Abbott Reports – How much longer can this go on?
This morning Abbott (NYSE:ABT) reported second quarter and half-year results. In what was an otherwise solid report the Diabetes Care Unit continues to suffer. Domestic sales for the second quarter fell by 5.4% and 1% for the first six months of 2008. The news isn’t much better internationally after taking into account the positive impact of exchange sales grew 8.4% for the quarter and 9.6% for the first half of 2008.
Perhaps the biggest news coming out of this morning’s conference call is what the company did not say. For a call that lasted over an hour barley 2 minutes was spent on the diabetes care unit. This is quite understandable given the continued dismal performance of the unit. Based on how well the company is doing on other areas why spend time talking about a unit that’s performing so poorly.
Which brings us to the question of the day; Will the company continue to live under the delusion that this unit can be turned around or will they finally wise up and sell the unit to Bayer?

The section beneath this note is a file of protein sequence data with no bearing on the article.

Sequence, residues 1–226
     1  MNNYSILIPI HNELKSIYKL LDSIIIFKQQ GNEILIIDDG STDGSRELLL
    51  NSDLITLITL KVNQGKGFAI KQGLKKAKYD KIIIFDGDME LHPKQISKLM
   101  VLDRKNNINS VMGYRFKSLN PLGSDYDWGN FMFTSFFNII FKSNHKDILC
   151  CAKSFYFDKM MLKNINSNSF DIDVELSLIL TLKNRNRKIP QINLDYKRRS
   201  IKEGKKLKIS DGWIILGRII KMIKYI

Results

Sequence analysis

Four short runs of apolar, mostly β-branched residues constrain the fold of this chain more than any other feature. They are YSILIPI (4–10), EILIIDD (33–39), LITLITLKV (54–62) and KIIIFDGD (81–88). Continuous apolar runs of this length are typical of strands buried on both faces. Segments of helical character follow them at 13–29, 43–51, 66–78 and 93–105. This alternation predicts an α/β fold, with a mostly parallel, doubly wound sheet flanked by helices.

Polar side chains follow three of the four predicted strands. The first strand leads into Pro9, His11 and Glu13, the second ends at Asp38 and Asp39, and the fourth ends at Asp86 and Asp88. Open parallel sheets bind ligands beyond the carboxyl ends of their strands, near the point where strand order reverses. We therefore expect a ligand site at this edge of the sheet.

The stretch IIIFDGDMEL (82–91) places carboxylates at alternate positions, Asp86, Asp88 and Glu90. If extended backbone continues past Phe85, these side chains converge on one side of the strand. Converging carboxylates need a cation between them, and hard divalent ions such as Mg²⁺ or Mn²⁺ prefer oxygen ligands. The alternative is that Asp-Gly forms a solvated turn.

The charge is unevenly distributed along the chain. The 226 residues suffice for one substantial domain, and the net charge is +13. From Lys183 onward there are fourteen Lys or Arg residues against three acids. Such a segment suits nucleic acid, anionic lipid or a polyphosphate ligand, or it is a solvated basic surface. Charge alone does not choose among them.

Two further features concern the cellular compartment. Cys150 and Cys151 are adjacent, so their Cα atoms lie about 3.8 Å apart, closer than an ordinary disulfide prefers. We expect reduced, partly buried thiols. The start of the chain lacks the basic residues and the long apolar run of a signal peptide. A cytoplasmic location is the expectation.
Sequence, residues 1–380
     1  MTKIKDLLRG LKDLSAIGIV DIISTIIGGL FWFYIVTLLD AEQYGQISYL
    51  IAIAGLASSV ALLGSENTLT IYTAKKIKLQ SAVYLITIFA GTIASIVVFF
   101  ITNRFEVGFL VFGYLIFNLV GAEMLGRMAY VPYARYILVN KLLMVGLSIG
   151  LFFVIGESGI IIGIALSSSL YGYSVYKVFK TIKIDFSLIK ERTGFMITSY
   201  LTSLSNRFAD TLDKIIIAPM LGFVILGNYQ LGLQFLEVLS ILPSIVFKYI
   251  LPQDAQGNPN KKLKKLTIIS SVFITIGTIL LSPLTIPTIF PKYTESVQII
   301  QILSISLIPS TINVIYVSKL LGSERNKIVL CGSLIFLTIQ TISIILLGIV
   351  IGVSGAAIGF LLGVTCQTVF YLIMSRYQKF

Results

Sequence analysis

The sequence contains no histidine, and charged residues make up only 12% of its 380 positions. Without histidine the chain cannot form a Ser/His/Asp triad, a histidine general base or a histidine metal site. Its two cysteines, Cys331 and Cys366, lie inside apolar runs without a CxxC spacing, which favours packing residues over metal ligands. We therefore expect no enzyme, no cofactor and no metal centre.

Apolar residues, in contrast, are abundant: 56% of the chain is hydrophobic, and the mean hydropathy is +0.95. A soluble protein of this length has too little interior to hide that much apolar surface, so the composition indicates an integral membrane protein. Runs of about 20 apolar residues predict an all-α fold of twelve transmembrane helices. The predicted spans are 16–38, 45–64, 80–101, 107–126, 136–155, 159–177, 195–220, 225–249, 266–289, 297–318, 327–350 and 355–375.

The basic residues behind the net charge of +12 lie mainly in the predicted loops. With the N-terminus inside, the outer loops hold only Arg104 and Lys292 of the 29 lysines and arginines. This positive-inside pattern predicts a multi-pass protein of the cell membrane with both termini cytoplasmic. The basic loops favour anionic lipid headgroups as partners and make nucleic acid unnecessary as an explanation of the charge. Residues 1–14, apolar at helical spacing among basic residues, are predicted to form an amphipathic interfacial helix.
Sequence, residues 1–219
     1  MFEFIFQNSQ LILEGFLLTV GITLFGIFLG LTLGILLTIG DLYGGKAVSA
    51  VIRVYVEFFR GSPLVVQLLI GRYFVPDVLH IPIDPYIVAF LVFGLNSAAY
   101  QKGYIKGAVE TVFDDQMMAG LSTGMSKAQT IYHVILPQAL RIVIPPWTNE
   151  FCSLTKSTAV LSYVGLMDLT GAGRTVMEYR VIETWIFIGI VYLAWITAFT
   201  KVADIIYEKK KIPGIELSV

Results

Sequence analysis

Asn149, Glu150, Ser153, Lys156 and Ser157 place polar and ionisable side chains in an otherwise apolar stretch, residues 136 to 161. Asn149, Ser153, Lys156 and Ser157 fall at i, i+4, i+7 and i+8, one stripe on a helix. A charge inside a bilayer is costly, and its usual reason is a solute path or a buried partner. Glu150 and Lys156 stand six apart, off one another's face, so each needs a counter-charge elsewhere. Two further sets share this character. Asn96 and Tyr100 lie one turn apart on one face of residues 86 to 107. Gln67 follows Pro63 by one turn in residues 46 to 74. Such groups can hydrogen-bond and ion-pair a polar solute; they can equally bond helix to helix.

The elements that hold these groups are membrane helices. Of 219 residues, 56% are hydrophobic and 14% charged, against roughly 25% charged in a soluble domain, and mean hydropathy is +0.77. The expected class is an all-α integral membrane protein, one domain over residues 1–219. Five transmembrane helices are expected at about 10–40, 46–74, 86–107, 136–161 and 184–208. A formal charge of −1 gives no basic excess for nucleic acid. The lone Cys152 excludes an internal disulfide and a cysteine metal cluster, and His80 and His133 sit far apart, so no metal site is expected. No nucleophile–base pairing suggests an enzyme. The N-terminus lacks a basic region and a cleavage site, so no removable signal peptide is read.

Although the company has denied rumors that the unit is on the block several sources have confirmed that Abbott is actively shopping their diabetes franchise. Thankfully the company did say today that they are not looking to make any major acquisitions. Maybe after long last they have learned their lesson after running two promising diabetes franchises into the ground.
It would also be a disaster if the company made the foolish decision to throw good money after bad. With no new major products on the horizon combined with the changing dynamics of the blood glucose monitoring market the problems require more than just money. In reality this is the main issue with Abbott and their attitude towards diabetes. Instead of addressing the real problem with the unit, namely poor leadership, the company has lived in fantasyland believing that any problem can be solved by throwing money at it. Simply put they will not be able to buy their way out of the problem.
With their other franchises doing so well the wise decision is to sell the unit while it still has some value. Based on their history in diabetes Diabetic Investor isn’t sure the company will actually do what needs to be done. Like the ostrich who likes to stick his head in the sand, Abbott seems incapable of acknowledging the obvious. Or as Mark Twain said; “Let us be thankful for fools. But for them the rest of us could not succeed.”